An iPhone buzzes inside a Wynwood restaurant, and Naudimar Herrera's bright brown eyes light up when he sees the caller: the downtown Federal Detention Center.
Naudimar Herrera in front of his parents' Midtown apartment.
Photo by Tim Elfrink
"Patrick, what's up, my brother?" he barks into the phone. "You got to hang in there, man."
On the other end, Patrick Abraham sits in a prison cell that's mostly been his home for the past three years.
Both men were arrested -- along with five others -- as the "Liberty City Seven."
The feds charged them with plotting to blow up the Sears Tower in Chicago, saying they wanted to "wage a full ground war on the United States."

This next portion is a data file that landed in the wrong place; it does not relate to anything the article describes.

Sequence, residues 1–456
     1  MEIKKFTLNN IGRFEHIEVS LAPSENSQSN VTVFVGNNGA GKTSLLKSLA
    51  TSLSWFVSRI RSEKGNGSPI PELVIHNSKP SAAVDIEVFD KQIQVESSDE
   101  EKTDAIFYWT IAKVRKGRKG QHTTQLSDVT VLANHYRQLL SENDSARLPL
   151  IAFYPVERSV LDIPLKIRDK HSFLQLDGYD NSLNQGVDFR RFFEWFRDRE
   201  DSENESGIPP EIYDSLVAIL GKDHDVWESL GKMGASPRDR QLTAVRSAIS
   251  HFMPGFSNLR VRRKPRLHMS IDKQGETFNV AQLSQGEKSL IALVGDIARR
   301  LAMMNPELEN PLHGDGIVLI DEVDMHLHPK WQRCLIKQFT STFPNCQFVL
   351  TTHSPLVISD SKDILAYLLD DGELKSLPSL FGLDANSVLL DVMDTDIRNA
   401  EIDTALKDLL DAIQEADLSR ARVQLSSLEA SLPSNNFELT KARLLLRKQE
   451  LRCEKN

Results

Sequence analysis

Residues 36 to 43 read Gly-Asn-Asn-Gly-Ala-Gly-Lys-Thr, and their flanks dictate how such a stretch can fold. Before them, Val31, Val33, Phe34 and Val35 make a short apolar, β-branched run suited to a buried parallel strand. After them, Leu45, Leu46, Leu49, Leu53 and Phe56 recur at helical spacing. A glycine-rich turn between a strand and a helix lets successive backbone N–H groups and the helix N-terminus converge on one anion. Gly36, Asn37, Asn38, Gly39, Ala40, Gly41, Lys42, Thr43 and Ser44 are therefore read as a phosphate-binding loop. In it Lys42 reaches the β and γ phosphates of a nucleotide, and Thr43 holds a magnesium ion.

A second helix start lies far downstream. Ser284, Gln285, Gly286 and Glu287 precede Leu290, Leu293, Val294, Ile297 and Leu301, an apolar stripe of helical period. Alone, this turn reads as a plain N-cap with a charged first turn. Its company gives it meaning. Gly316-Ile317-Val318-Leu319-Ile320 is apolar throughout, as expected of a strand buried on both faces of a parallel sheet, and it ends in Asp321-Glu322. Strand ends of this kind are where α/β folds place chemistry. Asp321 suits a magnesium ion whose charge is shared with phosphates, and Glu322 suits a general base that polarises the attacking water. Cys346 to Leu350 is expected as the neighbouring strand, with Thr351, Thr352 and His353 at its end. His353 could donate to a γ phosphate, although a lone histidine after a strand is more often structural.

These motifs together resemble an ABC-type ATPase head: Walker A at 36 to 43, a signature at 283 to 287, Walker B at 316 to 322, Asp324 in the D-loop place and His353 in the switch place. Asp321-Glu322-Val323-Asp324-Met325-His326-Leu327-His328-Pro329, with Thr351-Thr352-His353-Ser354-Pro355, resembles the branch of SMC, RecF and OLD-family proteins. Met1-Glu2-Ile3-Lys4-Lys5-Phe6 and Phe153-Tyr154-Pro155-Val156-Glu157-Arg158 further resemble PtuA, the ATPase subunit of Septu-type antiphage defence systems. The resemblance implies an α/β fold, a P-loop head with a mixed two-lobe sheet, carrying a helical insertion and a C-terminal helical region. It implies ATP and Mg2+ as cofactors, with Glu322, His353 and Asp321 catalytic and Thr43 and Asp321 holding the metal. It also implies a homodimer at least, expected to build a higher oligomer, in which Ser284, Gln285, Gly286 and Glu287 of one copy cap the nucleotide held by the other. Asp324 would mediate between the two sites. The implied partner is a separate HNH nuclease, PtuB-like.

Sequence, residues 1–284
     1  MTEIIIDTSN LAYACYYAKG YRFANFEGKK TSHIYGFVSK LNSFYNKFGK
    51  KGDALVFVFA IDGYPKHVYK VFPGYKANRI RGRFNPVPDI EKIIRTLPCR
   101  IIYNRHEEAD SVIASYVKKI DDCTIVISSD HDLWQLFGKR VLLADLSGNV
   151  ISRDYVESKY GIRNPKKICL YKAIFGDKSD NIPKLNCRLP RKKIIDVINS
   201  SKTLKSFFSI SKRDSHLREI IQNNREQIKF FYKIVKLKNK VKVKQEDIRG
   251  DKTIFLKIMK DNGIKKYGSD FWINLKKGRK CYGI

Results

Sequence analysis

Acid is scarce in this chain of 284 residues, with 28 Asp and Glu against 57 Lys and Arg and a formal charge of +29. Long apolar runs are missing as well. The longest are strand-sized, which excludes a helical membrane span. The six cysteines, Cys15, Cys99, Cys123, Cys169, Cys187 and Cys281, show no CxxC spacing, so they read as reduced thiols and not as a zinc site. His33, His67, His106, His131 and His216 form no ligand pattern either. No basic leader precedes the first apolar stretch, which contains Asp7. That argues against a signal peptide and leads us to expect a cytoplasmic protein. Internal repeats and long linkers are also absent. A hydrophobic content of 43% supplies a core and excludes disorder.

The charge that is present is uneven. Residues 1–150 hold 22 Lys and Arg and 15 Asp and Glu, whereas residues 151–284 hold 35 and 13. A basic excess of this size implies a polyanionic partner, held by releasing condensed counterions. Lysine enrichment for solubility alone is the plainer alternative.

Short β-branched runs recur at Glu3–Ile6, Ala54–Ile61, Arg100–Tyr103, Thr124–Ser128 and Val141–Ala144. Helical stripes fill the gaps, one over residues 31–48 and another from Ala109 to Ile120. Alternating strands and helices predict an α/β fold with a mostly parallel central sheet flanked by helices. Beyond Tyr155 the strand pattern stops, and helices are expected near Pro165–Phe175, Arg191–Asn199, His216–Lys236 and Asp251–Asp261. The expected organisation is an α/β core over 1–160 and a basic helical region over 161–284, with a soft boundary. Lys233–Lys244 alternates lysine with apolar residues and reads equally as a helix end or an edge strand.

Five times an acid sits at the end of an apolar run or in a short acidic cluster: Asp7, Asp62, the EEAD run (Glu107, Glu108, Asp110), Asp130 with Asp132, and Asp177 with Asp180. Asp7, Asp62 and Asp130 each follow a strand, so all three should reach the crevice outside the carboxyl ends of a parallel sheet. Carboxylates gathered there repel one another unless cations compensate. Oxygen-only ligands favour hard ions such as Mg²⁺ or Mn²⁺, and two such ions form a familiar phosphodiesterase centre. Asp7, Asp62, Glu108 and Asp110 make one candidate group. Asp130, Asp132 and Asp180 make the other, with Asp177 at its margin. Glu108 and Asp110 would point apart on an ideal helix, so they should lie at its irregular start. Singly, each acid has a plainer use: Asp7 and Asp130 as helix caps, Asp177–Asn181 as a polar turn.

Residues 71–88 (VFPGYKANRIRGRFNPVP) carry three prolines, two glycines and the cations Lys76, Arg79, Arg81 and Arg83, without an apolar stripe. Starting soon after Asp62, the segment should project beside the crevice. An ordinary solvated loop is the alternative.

After two mistrials, the feds finally notched convictions this past May for five of the defendants. A sixth faces deportation to Haiti.
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Only the slight, 25-year-old Dominican-American Herrera walked free. This week, he'll speak at the sentencing hearings for his former codefendants. He'll even plead for leniency for Narseal Batiste -- the group's leader, whose "stupidity and greed" led to the charges, Herrera says.
"How can I go on living every day knowing my brothers are still locked up over nothing?" he asks.
Then came the mistrials and Herrera's freeing. He has since tried to return to a normal life -- moving back into a shabby midtown apartment with his disabled father, finding work with a pool company, and starting air-conditioner technician classes.